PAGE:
Trying to convince a journalist to cover a story can feel like wrestling an octopus – elusive and slippery. More often than not, you’re left hanging, wondering if your pitch disappeared into the abyss. Blame is on luck; those assignment editors and producers receive upwards of 500 emails daily. Your brilliant pitch could be lost, doomed to languish in the depths of an inbox , never to see the light of day. But let’s face it, sometimes the problem lies closer to home – the pitch itself lacks irresistible news value.
Journalists don’t want to sound like they’re reading a product manual or a company’s victory speech. That’s why pitches about new gizmos, staff promotions, or shiny awards tend to hit a dead end. If you want a journalist to sit up and take notice, you need to serve them a piping hot slice of newsworthy goodness. They want to tell stories that matter, stories that captivate their audience and make them feel like they stumbled upon buried treasure, not just parroting a company’s talking points.
As someone who used to work as an assignment editor in the news, and thus was the recipient of 500+ emails a day, I know exactly what newsrooms are looking for – And what they’re not. I can personally attest to the fact that the overwhelming majority of emails do not get read all the way through, because there’s simply not enough time to do so. If the subject line didn’t catch my attention, the email got deleted. If the first sentence didn’t make me want to read the second sentence, the email got deleted. And so whenever I craft a pitch, I like to imagine as though I’m writing it to myself back when I was an assignment editor and ask myself, “Would I cover this?” That’s not to say that all the pitches we in the Strat Team send out get coverage (like I mentioned previously, there is quite a bit of luck involved), but we pride ourselves on sending out pitches that scream “newsworthy!”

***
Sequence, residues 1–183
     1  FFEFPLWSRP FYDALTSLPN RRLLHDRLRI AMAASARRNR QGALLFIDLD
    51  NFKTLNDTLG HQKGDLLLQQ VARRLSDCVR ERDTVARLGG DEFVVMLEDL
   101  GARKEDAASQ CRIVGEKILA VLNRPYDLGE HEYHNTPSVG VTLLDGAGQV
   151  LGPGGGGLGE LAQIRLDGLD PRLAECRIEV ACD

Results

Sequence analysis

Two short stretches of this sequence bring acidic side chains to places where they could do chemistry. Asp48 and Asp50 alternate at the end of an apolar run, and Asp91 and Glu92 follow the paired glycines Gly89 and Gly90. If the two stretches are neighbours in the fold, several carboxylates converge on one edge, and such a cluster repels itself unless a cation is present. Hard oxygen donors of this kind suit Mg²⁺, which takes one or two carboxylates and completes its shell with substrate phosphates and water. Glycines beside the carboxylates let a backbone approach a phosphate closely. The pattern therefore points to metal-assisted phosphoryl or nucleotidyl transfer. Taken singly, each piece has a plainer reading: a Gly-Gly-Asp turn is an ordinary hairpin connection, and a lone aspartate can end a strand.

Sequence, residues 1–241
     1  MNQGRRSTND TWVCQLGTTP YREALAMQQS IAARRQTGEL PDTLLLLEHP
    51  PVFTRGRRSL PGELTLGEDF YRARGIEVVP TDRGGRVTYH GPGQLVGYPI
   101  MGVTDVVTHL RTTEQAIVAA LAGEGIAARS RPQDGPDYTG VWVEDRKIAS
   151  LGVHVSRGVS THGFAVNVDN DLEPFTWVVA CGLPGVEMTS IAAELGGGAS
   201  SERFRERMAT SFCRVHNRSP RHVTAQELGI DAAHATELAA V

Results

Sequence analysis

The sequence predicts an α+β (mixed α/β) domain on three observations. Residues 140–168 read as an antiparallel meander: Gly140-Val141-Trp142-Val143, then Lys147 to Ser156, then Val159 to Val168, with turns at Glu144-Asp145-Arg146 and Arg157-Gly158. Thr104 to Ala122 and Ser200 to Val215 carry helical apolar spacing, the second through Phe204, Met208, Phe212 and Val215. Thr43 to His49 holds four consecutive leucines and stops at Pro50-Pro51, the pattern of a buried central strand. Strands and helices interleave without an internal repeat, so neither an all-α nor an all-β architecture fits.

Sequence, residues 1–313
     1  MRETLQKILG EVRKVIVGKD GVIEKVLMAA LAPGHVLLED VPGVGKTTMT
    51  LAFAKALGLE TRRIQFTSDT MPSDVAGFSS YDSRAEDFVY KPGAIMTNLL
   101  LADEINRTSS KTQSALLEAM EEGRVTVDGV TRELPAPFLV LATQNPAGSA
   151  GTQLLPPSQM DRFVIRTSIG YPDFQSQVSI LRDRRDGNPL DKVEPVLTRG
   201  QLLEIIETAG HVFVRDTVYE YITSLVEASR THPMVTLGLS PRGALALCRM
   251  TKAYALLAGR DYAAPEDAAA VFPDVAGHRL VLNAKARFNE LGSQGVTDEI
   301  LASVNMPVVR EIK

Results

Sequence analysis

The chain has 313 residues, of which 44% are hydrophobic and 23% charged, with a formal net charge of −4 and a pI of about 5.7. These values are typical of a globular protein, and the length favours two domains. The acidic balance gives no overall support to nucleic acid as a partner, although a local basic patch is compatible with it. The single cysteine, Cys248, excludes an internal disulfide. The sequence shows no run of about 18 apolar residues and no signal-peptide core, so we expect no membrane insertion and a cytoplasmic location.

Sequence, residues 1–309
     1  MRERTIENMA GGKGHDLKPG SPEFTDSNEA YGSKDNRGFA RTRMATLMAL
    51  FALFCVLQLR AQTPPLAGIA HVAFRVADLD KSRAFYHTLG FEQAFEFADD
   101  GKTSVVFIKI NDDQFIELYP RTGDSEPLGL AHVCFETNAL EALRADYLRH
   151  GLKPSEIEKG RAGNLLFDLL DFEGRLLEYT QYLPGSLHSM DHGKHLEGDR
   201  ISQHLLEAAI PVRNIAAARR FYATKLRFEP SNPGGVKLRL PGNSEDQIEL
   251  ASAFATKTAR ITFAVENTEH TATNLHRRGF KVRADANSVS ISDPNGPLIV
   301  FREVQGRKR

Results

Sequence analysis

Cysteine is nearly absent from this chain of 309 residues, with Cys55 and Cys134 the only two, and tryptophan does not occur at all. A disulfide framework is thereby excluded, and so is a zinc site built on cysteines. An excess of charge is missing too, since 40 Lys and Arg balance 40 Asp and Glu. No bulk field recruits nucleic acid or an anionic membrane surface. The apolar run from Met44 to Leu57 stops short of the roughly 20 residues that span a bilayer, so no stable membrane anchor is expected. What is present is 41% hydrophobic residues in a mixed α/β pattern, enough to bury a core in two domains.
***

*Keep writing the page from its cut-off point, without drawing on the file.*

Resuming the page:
But what makes a story worthy of the news?
In my days as a journalist, I measured a story’s worth by its impact. What makes a story impactful?
- Does it save me time?
- Does it save me money?
- Does it keep me and my family safe?
- Is it happening in my area?
- Does it teach me something?
- Does it make me want to tell someone?
- Is it memorable?
If your pitch can check at least one of those boxes, congratulations! You’ve got yourself some news value. If it fails to answer any of those questions, well, it’s probably just an ad – and that’s destined for the virtual graveyard. The key is to demonstrate the value of the story right from the get-go. Remember, the subject line and first sentence are the superheroes of your pitch. If they don’t wield power and grab attention, the rest of your message may as well be lost.
News is a precious resource – like that last slice of pizza everyone wants. Time on a newscast or space in a newspaper is limited, and journalists guard it fiercely. If you can get inside their heads, viewing every pitch through a “news lens,” you’ll skyrocket the news value of your pitches. And if luck decides to shower you with blessings (or maybe even a downpour), voila! You’ll find yourself basking in the glory of increased media coverage.